“The political situation, both national and international, as well as structural and cyclical constraints, are not conducive to change, and conditions for an upturn in activity seem far away,” Coface noted. Some sectors (agri-food and chemicals), however, were expected to benefit from an upturn in business.

Overall, “Russia must find means to increase its competitiveness,” the firm said. In particular, the country must improve the use of production facilities and work productivity.

 

Election Calendar

June 8 – U.K., British House of Commons
June 11 – France, National Assembly of France
June 18 – France, National Assembly of France (second round, if needed)
June 24 – Papua New Guinea, National Parliament of Papua New Guinea
June 26 – Mongolia, President
July 2 – Senegal, Senegalese National Assembly
Aug. 4 – Rwanda, President
Sep. 11 – Norway, Norwegian Parliament
Sep. 23 – New Zealand, New Zealand House of Representatives
Sep. 24 – Germany, German Federal Diet
Oct. 10 – Liberia, President
Oct. 10 – Liberia, Liberian House of Representatives
Nov. 19 – Chile, Chilean Chamber of Deputies
Nov. 19 – Kyrgyzstan, President
Nov. 19 – Chile, Chilean Senate
Nov. 19 – Chile, President
Nov. 26 – Honduras, Honduran National Congress
Nov. 26 – Honduras, President

 

Global Roundup

Growth slowdown challenges India’s hawkish central bank. A surprise slowdown in Indian growth along with record-low inflation has thrown the central bank’s hawkish monetary-policy bias into question, with some economists suggesting an interest rate cut may be back on the table. GDP expanded by 6.1% in the January to March quarter, the slowest in two years and undershooting economist’s forecasts in a Bloomberg survey by a full percentage point. (Business Mirror)

EU to block U.S. attempts to cut bilateral trade deals with members. The head of the European Commission accused the U.S. government on May 31 of seeking bilateral trade deals with individual member states and said he would block any such attempt to break the bloc’s unified position on trade. (EurActiv)

Here's what market analysts are saying about U.K. election polls. The prospect that the Tories' lead over Labour may be narrowing has jolted the currency markets. Investors factoring in the possibility that it will be a weakened or even coalition government confronting EU negotiators in upcoming Brexit talks helped the pound drop to a five-week low at one point on May 31, after a YouGov Plc study in The Times showed Theresa May’s Conservative Party could fall short of a parliamentary majority. (Bloomberg)

Colombia's peace agreement can give fillip to inclusive growth. The implementation of Colombia’s peace agreement, together with the government’s structural reform agenda, should help support more inclusive growth over the medium term, the IMF said in its annual assessment of the Colombian economy. (IMF)

Brazil exits recession with fastest growth rate since 2013. Brazil's economy emerged from its worst recession on record with its fastest growth rate in nearly four years, data showed on June 1, boosting President Michel Temer's case for staying in office as he battles a corruption scandal. Brazil's GDP grew 1% in the first quarter from the preceding one, matching economists' forecasts for the biggest rise since the second quarter of 2013. (Reuters)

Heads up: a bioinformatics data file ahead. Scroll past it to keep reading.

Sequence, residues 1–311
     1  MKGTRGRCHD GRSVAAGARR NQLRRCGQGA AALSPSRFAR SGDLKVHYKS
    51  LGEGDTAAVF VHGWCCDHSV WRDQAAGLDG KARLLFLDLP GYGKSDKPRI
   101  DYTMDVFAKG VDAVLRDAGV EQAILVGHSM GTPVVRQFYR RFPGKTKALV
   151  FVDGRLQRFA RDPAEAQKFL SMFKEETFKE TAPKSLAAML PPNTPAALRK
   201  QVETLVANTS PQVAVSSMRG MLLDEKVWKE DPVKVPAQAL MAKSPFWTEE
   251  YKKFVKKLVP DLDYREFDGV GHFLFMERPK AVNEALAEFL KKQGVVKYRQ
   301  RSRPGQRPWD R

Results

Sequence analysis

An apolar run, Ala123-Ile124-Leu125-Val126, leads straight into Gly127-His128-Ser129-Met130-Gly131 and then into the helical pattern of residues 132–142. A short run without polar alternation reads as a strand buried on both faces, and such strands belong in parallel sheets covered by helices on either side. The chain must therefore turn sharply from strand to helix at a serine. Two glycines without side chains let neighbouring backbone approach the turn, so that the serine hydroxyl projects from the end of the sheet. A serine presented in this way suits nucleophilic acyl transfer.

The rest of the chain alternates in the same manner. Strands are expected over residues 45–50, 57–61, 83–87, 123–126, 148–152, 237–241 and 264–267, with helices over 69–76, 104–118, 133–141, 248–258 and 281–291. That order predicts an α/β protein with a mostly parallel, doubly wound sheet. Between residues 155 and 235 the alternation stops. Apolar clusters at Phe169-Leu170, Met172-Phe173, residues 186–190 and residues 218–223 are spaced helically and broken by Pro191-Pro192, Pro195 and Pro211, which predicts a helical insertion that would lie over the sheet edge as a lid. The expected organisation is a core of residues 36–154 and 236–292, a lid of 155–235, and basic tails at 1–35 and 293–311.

After Trump's visit, Saudi Arabia hopes to reinforce its influence in the region against Iran. U.S. President Donald Trump’s visit to Saudi Arabia and his “Islam speech,” delivered at the Arab-Islamic-America Summit in Riyadh on May 21 created controversy in the Muslim world. Iranian President Hassan Rouhani criticized the visit as “just a show,” while Gulf Arab leaders saw it as a pivot away from the Barack Obama administration’s Middle East policy, which was perceived by some as pro-Tehran. (EconoTimes)

Vietnam’s free trade pitch to the U.S. It was trade, not China's maneuvering in the South China Sea, that was top of the agenda when Vietnam’s Prime Minister Nguyen Xuan Phuc met U.S. President Donald Trump on May 31 in the first visit by an ASEAN leader to Washington under the new administration. It was a slightly surreal affair with Phuc, leader of a communist state, on a mission to promote free trade to the leader of the U.S. (The Interpreter)

South Africa’s unemployment hits 14-year high as recession looms. South Africa’s unemployment rose to its highest in 14 years in the first quarter as agriculture and informal sectors shed jobs and more people stopped looking for work, in a sign the economy may be headed for recession. Unemployment climbed to 27.7% of the labor force in the first quarter, the highest since September 2003. (CNBCAfrica)

China factories hum in shadow of debt risk, Moody’s raises global outlook. China’s industrial engine cranked up again in May, reassuring investors worried about slowing growth in the world’s second-biggest economy as it grappled with debt risks and tried to shake off a stinging ratings downgrade from Moody’s. Moody’s sees an improving global outlook even as it warned of a slowdown in China later in the year as liquidity-tightening measures take effect. (HSN)

Mexican central bank's No. 2 says hiking cycle may not be over. Bank of Mexico Deputy Governor Javier Guzman said on June 2 that it was "impossible to say" whether the bank's rate hiking cycle was over after last month's surprise 25 basis point increase that brought the country's overnight interest rate to 6.75%, its highest level since March 2009. (Reuters)

 

Week in Review Editorial Team:
Diana Mota, Associate Editor and David Anderson, Member Relations